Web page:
To read the full piece, go to SGM.

Posted by Tim Sandle

Sunday, 27 October 2013

Antibiotic-associated pathogen infection

The intestinal microbiota provide protection from bacterial infections. However, when disturbed with oral antibiotics, microbiota protection is disrupted, allowing the emergence of several pathogens. How do these pathogens capitalize on the failure of the protection provided by the microbiota?

Two antibiotic-associated pathogens, S. typhimurium and C. difficile, use a common strategy of catabolizing microbiota-liberated mucosal carbohydrates to facilitate their expansion within the gut (Nature, Sept. 2013).

The paper, by Katharine M. and colleagues, is titled "Microbiota-liberated host sugars facilitate post-antibiotic expansion of enteric pathogens".

The abstract reads:

"The human intestine, colonized by a dense community of resident microbes, is a frequent target of bacterial pathogens. Undisturbed, this intestinal microbiota provides protection from bacterial infections. Conversely, disruption of the microbiota with oral antibiotics often precedes the emergence of several enteric pathogens1, 2, 3, 4. How pathogens capitalize upon the failure of microbiota-afforded protection is largely unknown. Here we show that two antibiotic-associated pathogens, Salmonella enterica serovar Typhimurium (S. typhimurium) and Clostridium difficile, use a common strategy of catabolizing microbiota-liberated mucosal carbohydrates during their expansion within the gut. S. typhimurium accesses fucose and sialic acid within the lumen of the gut in a microbiota-dependent manner, and genetic ablation of the respective catabolic pathways reduces its competitiveness in vivo. Similarly, C. difficile expansion is aided by microbiota-induced elevation of sialic acid levels in vivo. Colonization of gnotobiotic mice with a sialidase-deficient mutant of Bacteroides thetaiotaomicron, a model gut symbiont, reduces free sialic acid levels resulting in C. difficile downregulating its sialic acid catabolic pathway and exhibiting impaired expansion. These effects are reversed by exogenous dietary administration of free sialic acid. Furthermore, antibiotic treatment of conventional mice induces a spike in free sialic acid and mutants of both Salmonella and C. difficile that are unable to catabolize sialic acid exhibit impaired expansion. These data show that antibiotic-induced disruption of the resident microbiota and subsequent alteration in mucosal carbohydrate availability are exploited by these two distantly related enteric pathogens in a similar manner. This insight suggests new therapeutic approaches for preventing diseases caused by antibiotic-associated pathogens."

For further information on this topic, see Qiagen.

Posted by Tim Sandle

Saturday, 26 October 2013

Drug resistant TB cases are 'underestimated'

The World Health Organization has estimated that at least three-quarters of drug-resistant tuberculosis cases have not been detected.
The news comes from the World Health Organization's (WHO) latest Global Tuberculosis Report. The report suggests that less than 25 percent of drug resistant cases of tuberculosis have been detected in 2012. This prevalence means that scientists are are still very far away from making real progress against this killer disease.
Tuberculosis (TB) is a common, and in many cases lethal, infectious disease caused by various strains of mycobacteria, usually Mycobacterium tuberculosis. Tuberculosis may infect any part of the body, but most commonly occurs in the lungs. Globally, tuberculosis is the second most common cause of death from infectious disease (after those due to HIV/AIDS).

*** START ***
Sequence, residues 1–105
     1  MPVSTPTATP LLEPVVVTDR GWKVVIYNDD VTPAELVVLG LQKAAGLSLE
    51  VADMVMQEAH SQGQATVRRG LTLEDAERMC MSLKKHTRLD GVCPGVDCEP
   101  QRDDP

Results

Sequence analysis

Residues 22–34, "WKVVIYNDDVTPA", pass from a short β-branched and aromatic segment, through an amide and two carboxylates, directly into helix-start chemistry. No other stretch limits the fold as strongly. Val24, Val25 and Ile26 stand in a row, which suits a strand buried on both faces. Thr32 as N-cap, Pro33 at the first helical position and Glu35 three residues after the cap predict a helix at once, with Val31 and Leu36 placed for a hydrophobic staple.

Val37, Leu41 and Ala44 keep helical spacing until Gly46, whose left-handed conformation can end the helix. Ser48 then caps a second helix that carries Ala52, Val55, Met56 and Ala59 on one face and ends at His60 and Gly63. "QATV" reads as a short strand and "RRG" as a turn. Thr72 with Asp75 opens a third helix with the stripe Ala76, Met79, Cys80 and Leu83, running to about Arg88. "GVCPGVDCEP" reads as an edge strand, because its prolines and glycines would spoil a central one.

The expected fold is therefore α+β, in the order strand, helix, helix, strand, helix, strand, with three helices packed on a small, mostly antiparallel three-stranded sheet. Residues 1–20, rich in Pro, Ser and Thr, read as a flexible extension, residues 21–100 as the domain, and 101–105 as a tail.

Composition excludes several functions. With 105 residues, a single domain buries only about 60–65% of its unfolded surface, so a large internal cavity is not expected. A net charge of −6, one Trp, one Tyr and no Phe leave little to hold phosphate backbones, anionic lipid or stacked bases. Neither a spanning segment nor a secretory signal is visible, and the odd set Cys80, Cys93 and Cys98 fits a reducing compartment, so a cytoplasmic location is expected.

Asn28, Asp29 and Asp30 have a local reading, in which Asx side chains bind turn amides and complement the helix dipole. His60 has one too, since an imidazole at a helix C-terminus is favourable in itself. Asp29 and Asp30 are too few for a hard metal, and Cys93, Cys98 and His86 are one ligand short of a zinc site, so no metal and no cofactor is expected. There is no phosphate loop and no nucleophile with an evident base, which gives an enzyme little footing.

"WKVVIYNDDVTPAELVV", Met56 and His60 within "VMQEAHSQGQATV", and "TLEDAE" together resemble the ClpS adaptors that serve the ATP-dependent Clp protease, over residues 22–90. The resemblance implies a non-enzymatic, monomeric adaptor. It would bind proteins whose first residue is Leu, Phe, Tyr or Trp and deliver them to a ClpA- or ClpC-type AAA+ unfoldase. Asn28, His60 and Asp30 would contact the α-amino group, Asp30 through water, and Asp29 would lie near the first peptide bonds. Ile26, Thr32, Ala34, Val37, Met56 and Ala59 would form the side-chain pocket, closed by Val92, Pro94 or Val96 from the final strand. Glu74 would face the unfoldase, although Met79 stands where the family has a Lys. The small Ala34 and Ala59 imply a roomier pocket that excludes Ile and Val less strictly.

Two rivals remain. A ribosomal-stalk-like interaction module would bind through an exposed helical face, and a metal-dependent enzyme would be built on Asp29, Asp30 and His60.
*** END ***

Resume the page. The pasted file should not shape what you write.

Commenting on the report, Mario Raviglione, director of the WHO Global TB program, said to Nature magazine: "the debt toll of tuberculosis, a disease that is preventable and curable, is far too high."
There is a positive that can be drawn from the report: the rate of new tuberculosis (TB) cases and the percentage of people who die from the disease has continued to decline.

Posted by Tim Sandle

Friday, 25 October 2013

SeaBioTech project

Spotlight on a new area of microbiology and antimicrobials: the SeaBioTech project.

The SeaBioTech project, started in 2012, is intended to close some of these knowledge gaps by looking in the seas and oceans around the globe for life forms with novel properties. The aim is to find raw material for the world's biotechnology industry, with a particular emphasis on antibiotics and other medical compounds.

The plan is for the project to sample organisms from a wide range of marine environments, ranging from the cold Atlantic sea off Scotland to the volcanically-active region near the Mediterranean island of Santorini.

Posted by Tim Sandle

Thursday, 24 October 2013

Reviewing cleanroom microflora

There has been very little published information relating to the “typical” microorganisms recovered from cleanrooms or clean environments. This can cause difficulties for the pharmaceutical manufacturer when assessing the results and range of “microflora” recovered from environmental monitoring activities. Microorganisms are found in pharmaceutical ingredients, water for pharmaceutical use, the manufacturing environment, intermediates, and in finished products.

On this subject, Tim Sandle has written an article for the Institute of Science and Technology. If you are interested in reading the article, please contact Tim Sandle.

The reference is:

Sandle, T. (2013). Understanding cleanroom microflora, The Journal: the Official Journal of the Institute of Science and Technology, Summer 2013, pp35-45

Posted by Tim Sandle

Rapid Microbiological Methods for Risk Assessment of Pharmaceutical Processes